Synopses & Reviews
In the ever increasing push for longer bridges, taller buildings, bigger stadiums, and grander projects of all kinds, engineers face new challenges that redefine our sense of both aesthetics and functionality. Pushing the Limits
describes two dozen adventures in engineering that provide a fresh look at the past, a unique view of the present, and a telling glimpse into the future of the discipline and how it affects our lives.
Henry Petroski tells the stories of significant and daring enterprises some familiar, some virtually unknown, and some that are still only dreams in their historical and technological contexts. Among the achievements are Philadelphias landmark Benjamin Franklin Bridge, Londons incomparable Tower Bridge, and Chinas ambitious Three Gorges Dam project. But pushing the limits of technology does not come without risk. Petroski also chronicles great technological disasters, such as the 1928 failure of Californias St. Francis Dam, the 1999 tragedy of the Texas A&M Bonfire, and the September 11, 2001, collapse of New Yorks World Trade Center towers. He deals with other calamities as well, such as the 1994 earthquake that struck Southern California and the embarrassingly wobbly Millennium Bridge in London, which had to be shut down only three days after it opened.
The breadth and depth of Petroskis erudition and his passionate interest in the art of design and in building have earned him the title of Americas poet laureate of technology, and his exploration of the complexity of what goes into design continues to stretch the imagination.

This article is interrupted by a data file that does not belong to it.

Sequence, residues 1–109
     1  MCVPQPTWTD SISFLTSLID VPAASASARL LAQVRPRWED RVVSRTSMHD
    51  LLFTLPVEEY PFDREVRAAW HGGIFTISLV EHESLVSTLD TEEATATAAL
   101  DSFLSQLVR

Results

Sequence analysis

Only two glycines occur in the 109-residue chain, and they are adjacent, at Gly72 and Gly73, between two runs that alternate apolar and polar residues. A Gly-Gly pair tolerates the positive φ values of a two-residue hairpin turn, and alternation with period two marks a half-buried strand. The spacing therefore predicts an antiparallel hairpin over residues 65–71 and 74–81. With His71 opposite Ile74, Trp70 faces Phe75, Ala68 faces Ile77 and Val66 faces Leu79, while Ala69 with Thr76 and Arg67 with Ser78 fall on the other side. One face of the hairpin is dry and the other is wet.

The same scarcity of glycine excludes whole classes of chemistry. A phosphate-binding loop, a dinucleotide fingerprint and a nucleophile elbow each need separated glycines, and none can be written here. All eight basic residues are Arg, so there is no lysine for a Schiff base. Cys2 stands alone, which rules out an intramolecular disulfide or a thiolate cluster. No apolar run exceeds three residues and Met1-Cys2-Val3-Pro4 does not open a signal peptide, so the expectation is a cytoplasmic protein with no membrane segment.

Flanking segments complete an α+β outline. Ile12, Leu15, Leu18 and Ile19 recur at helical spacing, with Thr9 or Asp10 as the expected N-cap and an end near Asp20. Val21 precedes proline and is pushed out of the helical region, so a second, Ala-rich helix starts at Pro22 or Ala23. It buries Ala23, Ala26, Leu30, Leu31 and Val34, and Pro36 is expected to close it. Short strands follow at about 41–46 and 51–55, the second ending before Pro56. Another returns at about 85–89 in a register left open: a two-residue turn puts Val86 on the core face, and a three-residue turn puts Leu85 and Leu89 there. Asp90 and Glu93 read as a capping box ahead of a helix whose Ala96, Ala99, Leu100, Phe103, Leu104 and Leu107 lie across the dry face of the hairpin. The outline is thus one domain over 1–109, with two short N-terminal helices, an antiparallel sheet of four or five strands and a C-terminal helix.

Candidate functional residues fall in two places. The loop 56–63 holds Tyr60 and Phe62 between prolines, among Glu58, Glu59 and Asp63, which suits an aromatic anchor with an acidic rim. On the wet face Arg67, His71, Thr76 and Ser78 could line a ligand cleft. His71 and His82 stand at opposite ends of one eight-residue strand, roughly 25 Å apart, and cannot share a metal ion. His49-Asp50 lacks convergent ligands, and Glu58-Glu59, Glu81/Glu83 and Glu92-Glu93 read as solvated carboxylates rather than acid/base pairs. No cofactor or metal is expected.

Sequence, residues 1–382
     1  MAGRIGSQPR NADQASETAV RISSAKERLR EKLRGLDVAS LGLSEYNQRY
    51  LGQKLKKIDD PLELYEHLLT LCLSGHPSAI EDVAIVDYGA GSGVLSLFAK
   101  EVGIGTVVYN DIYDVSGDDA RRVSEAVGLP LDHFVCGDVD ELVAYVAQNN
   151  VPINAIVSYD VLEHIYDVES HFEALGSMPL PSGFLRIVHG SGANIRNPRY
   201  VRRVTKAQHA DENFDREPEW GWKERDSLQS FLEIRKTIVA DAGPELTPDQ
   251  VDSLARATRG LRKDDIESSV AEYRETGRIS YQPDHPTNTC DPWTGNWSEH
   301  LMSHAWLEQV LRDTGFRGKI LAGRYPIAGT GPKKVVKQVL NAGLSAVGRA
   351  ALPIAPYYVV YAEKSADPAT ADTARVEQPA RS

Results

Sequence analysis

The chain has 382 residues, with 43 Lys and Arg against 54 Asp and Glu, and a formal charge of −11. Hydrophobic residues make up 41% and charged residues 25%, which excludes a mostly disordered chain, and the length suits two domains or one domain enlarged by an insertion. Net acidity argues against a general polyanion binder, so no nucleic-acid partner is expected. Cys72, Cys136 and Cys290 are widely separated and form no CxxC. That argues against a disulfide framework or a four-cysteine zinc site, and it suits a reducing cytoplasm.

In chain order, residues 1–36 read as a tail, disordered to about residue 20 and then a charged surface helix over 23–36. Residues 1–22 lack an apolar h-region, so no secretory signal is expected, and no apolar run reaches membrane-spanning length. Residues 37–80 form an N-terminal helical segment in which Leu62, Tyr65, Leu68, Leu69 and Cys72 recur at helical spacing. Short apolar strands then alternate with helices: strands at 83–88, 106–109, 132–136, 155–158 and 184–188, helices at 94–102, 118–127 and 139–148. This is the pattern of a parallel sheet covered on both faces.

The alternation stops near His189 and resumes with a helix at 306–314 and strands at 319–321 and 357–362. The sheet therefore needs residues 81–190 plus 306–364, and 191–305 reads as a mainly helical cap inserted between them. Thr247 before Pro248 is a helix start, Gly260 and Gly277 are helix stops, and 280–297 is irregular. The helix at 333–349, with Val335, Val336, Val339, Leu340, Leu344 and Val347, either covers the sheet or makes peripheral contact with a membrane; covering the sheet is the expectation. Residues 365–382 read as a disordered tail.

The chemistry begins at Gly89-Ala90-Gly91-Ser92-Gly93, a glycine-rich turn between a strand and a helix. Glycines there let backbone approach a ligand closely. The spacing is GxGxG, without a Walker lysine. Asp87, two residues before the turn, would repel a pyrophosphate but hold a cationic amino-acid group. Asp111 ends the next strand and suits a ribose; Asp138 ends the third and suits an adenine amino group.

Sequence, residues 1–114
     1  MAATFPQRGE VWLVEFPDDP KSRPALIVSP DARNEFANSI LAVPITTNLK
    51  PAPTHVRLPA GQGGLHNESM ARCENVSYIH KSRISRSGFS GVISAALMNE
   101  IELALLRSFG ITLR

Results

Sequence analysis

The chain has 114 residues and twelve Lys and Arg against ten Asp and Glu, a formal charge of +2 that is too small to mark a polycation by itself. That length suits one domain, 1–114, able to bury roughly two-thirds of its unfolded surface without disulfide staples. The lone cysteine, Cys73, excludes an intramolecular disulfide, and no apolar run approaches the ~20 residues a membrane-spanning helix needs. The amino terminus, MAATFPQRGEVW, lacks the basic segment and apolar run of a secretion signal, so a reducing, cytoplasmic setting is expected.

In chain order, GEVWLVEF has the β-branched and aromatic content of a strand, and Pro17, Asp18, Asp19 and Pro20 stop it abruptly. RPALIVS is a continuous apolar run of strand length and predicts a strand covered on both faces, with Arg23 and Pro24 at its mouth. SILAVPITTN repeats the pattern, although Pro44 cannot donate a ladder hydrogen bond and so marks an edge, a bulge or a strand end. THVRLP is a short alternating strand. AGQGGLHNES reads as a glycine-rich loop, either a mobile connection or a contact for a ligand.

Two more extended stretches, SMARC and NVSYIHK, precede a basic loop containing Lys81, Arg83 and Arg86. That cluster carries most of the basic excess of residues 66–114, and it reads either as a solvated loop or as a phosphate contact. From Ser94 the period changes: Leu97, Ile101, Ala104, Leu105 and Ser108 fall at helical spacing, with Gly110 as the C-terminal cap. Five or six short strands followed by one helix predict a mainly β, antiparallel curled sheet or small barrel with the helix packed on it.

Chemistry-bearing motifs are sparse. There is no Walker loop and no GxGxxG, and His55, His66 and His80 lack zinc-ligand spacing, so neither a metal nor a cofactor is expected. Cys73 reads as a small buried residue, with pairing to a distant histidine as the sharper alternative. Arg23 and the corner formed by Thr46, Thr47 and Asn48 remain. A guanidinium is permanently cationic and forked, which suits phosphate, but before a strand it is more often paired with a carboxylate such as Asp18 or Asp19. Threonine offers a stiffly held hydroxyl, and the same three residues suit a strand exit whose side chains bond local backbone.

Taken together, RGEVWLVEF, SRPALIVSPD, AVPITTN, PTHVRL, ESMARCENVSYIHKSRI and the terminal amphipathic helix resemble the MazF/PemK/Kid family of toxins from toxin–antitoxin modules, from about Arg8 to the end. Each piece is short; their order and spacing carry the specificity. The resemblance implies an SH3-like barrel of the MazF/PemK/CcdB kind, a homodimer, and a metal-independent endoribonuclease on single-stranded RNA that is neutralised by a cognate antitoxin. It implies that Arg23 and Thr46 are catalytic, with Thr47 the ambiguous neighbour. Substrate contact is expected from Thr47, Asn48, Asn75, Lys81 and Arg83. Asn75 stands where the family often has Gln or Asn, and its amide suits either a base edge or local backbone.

"Petroski (The Evolution of Useful Things) again meets his usual high standard when it comes to writing about technology, but this collection of articles from American Scientist, some dating back to the early 1990s, never quite coheres as a unified text. The tendency of chapters to drift toward soft conclusions isn't disruptive in the first half of the book, devoted to bridges around the world, but the second half, which encompasses subjects ranging from the creation of the Guggenheim Museum in Bilbao, Spain, to the destruction of the World Trade Center, becomes noticeably choppy, especially when Petroski attempts to wrap things up with millennial reflections that already feel dated. The book also fails to deliver on the promise of its title; though many of his examples, especially in the bridges section, pushed the limits of engineering in their day, they can hardly be called new. (One notable exception is a long chapter on China's planned Three Gorges Dam, which also demonstrates Petroski's skillfully light touch at travel writing.) But the most glaring flaw is the frustrating paucity of illustrations (only 29) the meticulously detailed descriptive passages can go only so far in conveying a sense of awesome beauty. At his best, Petroski is a charming guide to the landmarks he admires, and it's a shame that the presentation falls short of his talent. (Sept. 23)" Publishers Weekly (Copyright 2004 Reed Business Information, Inc.)
"Rich pickings for architecture and engineering mavens." Kirkus Reviews
The Bard of Engineering author of the critically acclaimed The Evolution of Useful Things and The Pencil turns his strikingly observant eye from small everyday objects to large feats of engineering. 28 illustrations.
About the Author
Henry Petroski is the Aleksandar S. Vesic Professor of Civil Engineering and a professor of history at Duke University. The author of eleven previous books, he lives in Durham, North Carolina.